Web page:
Fortier testified that while McVeigh told him in detail about the plot to blow up the Alfred P. Murrah Building in Oklahoma City, he never once heard Nichols talk about it. He only knew of Nichols involvement because of (hearsay) statements by McVeigh.
Lead defense attorney Michael Tigar got Fortier to admit McVeigh's word wasn't trustworthy, and that McVeigh had cheated the witness out of several thousand dollars owed for helping him fence stolen weapons.
Then Tigar ripped apart Fortier's character as prosecutors watched helplessly: Fortier admitted he lied, stole and abused drugs, and that he hoped to make a million dollars by selling fictitious stories about McVeigh.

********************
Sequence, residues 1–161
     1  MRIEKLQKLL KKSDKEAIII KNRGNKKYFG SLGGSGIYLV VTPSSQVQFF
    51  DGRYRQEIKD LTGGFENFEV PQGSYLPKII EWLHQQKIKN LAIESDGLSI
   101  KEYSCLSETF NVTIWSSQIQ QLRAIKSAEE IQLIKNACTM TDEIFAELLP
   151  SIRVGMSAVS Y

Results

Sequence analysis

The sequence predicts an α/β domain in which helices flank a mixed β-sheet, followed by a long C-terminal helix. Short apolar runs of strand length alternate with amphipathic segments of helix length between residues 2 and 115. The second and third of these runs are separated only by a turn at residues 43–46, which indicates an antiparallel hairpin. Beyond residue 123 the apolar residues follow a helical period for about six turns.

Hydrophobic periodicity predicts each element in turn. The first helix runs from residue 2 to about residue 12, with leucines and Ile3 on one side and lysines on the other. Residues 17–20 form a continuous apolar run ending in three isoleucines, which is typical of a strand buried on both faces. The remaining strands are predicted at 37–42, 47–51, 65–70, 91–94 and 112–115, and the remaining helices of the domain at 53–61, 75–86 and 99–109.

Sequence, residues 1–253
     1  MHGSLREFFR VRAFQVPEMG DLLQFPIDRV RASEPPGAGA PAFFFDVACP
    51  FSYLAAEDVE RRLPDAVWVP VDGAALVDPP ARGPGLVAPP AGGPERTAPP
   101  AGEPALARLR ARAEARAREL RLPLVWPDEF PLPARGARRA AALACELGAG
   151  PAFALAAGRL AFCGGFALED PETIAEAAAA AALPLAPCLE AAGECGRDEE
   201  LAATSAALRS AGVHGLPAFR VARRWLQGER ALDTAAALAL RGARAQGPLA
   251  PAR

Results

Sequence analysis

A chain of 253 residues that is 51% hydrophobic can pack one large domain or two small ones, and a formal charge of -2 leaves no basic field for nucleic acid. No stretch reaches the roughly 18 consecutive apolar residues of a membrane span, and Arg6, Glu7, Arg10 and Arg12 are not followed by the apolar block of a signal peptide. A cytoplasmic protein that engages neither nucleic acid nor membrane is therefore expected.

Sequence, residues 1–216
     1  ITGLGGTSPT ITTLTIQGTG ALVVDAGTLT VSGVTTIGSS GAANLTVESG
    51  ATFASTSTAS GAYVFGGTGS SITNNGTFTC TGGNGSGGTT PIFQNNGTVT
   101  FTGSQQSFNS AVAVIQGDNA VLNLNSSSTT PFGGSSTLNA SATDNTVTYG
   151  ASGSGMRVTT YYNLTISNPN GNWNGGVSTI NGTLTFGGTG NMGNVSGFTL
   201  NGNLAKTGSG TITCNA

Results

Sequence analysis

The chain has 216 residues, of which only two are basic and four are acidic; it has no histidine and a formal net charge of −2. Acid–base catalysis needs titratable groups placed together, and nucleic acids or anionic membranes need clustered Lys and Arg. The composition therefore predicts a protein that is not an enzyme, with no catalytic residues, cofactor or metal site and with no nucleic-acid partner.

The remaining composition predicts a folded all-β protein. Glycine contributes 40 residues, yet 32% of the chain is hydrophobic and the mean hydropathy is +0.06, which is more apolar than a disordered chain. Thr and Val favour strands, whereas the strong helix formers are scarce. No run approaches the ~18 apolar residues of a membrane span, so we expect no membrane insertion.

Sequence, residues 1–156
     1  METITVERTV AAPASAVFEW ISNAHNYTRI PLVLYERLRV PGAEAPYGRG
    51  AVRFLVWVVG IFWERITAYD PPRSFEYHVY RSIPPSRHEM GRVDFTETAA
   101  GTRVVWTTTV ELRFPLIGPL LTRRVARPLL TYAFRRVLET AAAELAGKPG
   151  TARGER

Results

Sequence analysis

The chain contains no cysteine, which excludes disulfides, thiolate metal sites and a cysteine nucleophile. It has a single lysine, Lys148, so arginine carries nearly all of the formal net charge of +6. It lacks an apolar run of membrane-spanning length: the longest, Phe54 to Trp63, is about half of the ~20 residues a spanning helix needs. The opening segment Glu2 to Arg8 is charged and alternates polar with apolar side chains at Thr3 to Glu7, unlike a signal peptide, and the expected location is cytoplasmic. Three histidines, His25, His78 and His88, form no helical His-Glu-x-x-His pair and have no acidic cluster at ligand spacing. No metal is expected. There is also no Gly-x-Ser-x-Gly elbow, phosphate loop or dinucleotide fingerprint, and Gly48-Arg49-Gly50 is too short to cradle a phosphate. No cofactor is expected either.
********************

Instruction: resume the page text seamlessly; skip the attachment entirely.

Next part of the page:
Fortier testified under a plea agreement granting him immunity from prosecution. He plead guilty to receiving stolen weapons and will be sentenced after the prosecutors in Nichols' case grade his performance on the witness stand.
Fortier said he wants more than anything to be released from prison so he can rejoin his family. Tigar responded: "And you're a man who would lie just to have a gun, aren't you, sir?" Fortier responded: "I did do that, yes."
This week prosecutors are expected to show how Nichols robbed an Arkansas gun dealer and used the proceeds to fund the bombing.